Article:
That way, you have your images in three places at all times. And if one – or both – of your backups fails, you always have a third copy just in case.

Get Those Photos Organized!

Now that you’ve finished this article, you should know precisely what you need to do to get your photos cleaned up and organized. 

So get started! Don’t dawdle. And pretty soon, your image library will be so much neater. (It’s a wonderful feeling; I promise!)

Just make sure to give yourself plenty of time. Image organization can be a hefty task, so you shouldn’t expect to get it done in just a day or two.

How to Organize Photos FAQ

Do I need software to organize my photos?

No. It’s possible to create a nicely organized collection of photos with some careful sorting on your desktop. However, software will make photo organization a lot easier because you’ll be able to quickly move images from group to group without struggling to find them.

What’s the best photo organization software?

Lightroom is a great choice for photographers of all stripes, though professionals – especially those who do regular photoshoots – should also check out Capture One Pro.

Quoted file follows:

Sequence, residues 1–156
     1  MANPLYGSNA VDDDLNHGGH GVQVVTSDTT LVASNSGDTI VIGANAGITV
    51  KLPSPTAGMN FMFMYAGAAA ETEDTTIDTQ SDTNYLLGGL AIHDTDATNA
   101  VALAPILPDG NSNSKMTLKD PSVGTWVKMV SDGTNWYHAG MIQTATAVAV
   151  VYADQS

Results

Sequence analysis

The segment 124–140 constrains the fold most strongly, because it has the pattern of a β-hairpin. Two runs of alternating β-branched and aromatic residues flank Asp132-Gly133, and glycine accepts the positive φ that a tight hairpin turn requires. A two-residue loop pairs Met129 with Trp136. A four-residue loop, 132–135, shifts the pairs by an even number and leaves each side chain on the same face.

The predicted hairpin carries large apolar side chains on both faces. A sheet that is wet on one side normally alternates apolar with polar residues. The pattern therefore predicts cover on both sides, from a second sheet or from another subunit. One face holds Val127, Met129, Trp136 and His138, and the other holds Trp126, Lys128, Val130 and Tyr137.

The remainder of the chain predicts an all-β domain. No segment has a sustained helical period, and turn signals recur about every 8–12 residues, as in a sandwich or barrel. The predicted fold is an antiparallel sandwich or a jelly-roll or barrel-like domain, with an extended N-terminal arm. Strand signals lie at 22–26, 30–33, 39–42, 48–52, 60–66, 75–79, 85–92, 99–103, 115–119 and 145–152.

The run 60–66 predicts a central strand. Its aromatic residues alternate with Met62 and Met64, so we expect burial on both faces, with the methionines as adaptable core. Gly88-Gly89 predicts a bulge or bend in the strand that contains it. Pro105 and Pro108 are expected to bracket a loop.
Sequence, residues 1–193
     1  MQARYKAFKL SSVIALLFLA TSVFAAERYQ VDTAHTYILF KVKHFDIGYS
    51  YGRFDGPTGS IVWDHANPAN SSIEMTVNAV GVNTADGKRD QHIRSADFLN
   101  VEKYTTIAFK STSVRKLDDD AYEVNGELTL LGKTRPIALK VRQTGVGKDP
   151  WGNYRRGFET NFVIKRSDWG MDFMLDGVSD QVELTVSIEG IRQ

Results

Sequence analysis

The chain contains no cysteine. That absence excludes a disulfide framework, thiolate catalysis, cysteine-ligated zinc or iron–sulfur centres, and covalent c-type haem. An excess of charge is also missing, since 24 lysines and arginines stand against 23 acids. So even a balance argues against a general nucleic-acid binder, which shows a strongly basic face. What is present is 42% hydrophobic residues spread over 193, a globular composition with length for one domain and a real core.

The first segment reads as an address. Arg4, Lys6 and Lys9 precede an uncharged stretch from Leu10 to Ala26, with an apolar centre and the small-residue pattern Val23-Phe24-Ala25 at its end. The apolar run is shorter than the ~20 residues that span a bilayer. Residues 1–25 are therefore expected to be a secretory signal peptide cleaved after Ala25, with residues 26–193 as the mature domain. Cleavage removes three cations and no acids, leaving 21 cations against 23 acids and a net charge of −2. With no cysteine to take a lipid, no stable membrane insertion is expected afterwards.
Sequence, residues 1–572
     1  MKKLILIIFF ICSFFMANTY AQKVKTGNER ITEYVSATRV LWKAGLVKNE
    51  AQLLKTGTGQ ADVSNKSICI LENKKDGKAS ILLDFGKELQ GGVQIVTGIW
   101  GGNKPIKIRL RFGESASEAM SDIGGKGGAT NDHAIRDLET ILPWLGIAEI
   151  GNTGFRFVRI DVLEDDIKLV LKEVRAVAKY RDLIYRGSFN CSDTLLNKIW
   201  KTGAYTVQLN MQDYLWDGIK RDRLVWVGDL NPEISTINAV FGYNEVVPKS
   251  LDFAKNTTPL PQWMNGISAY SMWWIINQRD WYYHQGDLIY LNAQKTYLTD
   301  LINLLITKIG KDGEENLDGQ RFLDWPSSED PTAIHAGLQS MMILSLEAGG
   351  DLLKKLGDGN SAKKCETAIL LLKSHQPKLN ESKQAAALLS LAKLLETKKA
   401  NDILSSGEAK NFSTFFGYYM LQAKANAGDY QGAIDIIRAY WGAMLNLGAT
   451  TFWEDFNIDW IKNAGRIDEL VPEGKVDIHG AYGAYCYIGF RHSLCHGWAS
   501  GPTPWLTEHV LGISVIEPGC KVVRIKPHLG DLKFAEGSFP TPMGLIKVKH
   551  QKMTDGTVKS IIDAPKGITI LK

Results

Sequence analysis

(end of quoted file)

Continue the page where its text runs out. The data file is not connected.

How do you organize film photos?

If you have lots of film photos that need sorting, I’d strongly recommend investing in a good-quality scanner. Scan your film, get it all on your hard drive, and then start organizing (using the methods I share in the article).

How do you sort thousands of pictures?

Start by sorting based on the date. From there, you can sort the images into specific outings – or if you prefer, you can sort them by genre (landscape photos, portrait photos, macro photos, etc.).

About the Author
jaymes dempsey author

Jaymes Dempsey is a professional macro and nature photographer from Ann Arbor, Michigan; his work is published across the web, from Digital Photography School to PetaPixel. You can connect with Jaymes on Instagram, Facebook, and LinkedIn.

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1 thought on “How to Organize Photos: A Step-By-Step Guide”

  1. If u have taken photos for years you will have for example photos in Aperture, photos in old Lightroom catalogs, and in newer ones. You may not be able to even see the photos since now Aperture is not supported and also you may not have the adequate system software to even see the photos. How do u know what you need to start VIEWING the older photos which you can’t even see any longer?